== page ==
Decisions, decisions, decisions. They fill our activity every day. From what to wear and eat, to which words to use, to which project to tackle next, to how to spend money. As a manager in the feed and grain industry, your job is filled with problems and decisions, too: Should the business expand into new products or into a different geographic area? Should you purchase new equipment or just repair the old stuff? Should you let that low-performing employee go or try to modify his/her performance? Problem solving and decision making are your primary roles. These types of decisions are important to your business, and to your career. So, you want to be good at decision making, and you probably already are.
Good business sense tells us that it is often productive to take a step back to examine and evaluate the way we do things. Does the process you use in decision making matter? Are the approaches you use effective and appropriate? Are there other methods and tools available to help you sharpen your skills? Asking and answering these and other questions can provide credence to the methods you use, or can suggest areas where opportunities for improvement exist. We focus this issue’s column on the psychology of how people make decisions, the elements of making good decisions, and potential tools and tips for helping managers make decisions.
Decision making is in your head
To understand how choices are made, research suggests you should recognize the impact economics, psychology and neuroscience have on how people make decisions. Academics are currently examining how people make decisions and the activities of the neural mechanisms in the brain as people make economic choices. Don’t worry, we are not planning to go into these details. We do find it interesting though that some experts suggest multiple higher-level and lower-level systems in the brain are involved in different types of decisions. The brain has some far-sighted or rational systems, some low-level systems involving emotions, and some systems concerned with rewards and consequences.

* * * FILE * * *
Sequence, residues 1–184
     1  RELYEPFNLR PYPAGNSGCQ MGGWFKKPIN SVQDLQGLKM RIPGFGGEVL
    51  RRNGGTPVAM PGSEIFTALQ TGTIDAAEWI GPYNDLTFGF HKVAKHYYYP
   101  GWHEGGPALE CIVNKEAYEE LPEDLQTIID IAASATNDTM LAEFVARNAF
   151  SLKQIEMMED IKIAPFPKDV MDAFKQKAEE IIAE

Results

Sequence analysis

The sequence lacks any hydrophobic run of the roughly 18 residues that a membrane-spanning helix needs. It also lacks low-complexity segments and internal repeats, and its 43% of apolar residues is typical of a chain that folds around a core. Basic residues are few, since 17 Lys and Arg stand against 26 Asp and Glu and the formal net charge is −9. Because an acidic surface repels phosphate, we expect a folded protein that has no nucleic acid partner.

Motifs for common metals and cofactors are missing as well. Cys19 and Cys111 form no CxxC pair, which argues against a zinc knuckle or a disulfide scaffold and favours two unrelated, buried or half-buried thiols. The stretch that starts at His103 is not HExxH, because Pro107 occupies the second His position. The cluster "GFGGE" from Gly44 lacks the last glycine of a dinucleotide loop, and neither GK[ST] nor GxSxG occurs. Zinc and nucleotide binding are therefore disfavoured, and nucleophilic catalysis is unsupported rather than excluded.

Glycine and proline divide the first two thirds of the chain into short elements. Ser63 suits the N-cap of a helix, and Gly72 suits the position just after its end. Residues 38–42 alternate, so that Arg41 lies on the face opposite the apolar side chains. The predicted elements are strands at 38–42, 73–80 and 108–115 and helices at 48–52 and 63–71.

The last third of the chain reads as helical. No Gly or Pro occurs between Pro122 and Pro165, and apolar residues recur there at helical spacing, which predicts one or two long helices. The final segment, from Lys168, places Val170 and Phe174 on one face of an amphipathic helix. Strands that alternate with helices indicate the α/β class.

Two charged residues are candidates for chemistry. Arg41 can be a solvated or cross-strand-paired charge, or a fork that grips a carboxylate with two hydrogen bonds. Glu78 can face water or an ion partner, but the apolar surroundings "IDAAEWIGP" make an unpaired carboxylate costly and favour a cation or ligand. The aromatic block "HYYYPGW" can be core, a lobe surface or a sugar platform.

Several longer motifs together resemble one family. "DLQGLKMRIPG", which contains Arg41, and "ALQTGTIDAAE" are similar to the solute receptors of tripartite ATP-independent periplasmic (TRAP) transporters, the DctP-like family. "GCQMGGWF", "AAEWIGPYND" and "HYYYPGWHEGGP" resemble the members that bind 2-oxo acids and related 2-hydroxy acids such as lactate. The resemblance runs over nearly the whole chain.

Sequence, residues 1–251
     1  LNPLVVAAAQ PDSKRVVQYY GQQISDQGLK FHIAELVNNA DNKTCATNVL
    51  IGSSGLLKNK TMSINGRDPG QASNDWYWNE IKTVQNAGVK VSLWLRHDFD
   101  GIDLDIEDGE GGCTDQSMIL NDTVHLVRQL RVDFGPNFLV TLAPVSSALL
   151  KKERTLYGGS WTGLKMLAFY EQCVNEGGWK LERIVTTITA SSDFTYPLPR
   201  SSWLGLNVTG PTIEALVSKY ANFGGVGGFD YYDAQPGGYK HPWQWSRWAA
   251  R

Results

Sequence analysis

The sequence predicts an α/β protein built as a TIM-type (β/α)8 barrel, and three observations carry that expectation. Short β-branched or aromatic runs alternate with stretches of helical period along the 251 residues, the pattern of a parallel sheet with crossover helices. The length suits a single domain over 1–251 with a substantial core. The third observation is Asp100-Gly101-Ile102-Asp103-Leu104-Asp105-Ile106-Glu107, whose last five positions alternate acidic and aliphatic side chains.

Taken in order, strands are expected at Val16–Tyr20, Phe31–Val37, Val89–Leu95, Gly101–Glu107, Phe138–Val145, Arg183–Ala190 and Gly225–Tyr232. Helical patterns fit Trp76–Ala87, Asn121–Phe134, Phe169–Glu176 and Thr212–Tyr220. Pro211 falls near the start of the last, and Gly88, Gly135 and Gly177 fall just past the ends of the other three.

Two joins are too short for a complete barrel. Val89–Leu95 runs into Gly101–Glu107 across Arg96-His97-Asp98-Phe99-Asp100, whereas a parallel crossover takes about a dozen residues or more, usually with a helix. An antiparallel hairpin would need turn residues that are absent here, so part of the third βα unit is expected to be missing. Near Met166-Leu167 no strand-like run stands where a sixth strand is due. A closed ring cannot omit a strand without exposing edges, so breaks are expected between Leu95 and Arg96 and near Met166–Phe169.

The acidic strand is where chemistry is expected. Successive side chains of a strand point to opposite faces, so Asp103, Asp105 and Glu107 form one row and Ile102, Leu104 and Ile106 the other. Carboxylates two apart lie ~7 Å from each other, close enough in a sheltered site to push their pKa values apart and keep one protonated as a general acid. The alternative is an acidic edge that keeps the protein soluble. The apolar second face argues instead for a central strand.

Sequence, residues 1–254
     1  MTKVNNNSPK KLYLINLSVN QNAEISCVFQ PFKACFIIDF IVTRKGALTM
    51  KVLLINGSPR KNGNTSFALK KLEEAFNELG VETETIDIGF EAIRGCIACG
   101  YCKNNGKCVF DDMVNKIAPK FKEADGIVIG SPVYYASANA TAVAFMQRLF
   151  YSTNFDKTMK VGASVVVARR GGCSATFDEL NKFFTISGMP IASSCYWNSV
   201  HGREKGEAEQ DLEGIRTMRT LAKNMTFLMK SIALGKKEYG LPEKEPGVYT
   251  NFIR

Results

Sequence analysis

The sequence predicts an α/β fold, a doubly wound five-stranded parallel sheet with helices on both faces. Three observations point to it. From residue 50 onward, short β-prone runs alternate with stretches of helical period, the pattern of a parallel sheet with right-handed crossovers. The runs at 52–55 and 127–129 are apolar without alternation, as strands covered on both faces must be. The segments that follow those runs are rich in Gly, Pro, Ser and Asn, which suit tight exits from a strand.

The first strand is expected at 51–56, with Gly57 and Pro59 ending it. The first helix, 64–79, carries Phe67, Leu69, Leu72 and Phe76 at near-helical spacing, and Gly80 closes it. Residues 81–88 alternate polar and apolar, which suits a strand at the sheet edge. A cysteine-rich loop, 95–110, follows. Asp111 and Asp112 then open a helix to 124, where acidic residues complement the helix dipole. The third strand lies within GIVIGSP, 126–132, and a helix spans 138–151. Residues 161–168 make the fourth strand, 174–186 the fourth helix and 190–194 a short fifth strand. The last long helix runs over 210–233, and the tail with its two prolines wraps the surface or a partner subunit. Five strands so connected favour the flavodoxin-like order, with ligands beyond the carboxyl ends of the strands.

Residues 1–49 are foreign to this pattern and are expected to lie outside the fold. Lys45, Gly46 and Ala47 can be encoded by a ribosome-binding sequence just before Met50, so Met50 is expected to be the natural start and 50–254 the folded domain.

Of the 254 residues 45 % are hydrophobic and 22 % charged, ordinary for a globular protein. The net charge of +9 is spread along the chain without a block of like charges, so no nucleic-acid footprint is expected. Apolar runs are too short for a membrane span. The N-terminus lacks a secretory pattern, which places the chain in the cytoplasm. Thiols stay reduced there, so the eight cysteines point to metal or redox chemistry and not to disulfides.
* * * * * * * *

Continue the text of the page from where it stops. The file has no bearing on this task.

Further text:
Cognitive psychology is generally the area of psychology that examines how people arrive at their decisions and choices. Research in this area suggests that past experiences, cognitive biases, age, socioeconomic status, other individual differences, and an escalation of commitment and “sunk” outcomes are some of the factors that affect your decision making. Since these might be factors that we are all more aware of (rather than the workings of the brain’s neural system!), let’s look at some of these more closely.
Everyone is different, and clearly these differences — age, socioeconomic status and intelligence — can influence your decision making. Older people may see their decision-making performance decline as they age; or, they may become more confident making decisions.
Our minds help us remember, and so past experiences often influence our decisions. People tend to repeat actions that brought about positive results and tend not to repeat actions that resulted negatively; but past performance may not always be indicative of future performance and so past experiences may not always lead to good future decisions. Certainly, past experiences may be relevant to consider in decisions, but we should remember that decisions should be evaluated and made based on several elements.
Cognitive biases are distortions in the mind that lead to a perceptual distortion, inaccurate judgment or illogical interpretation. Some common examples of cognitive biases include:
- Hindsight bias — an inclination to view past events as being predictable (I knew it all along)
- Confirmation bias — the tendency to interpret information such that it confirms one’s own preconceptions
- Bandwagon effect — a tendency to do or believe something because many other people do
- Planning fallacy — a tendency to underestimate the time necessary to complete tasks
- Social comparison bias — a tendency in hiring decisions to prefer candidates who do not compete with one’s own strengths
- Stereotyping — expecting a member of some type of group to have certain characteristics without having any actual information about the individual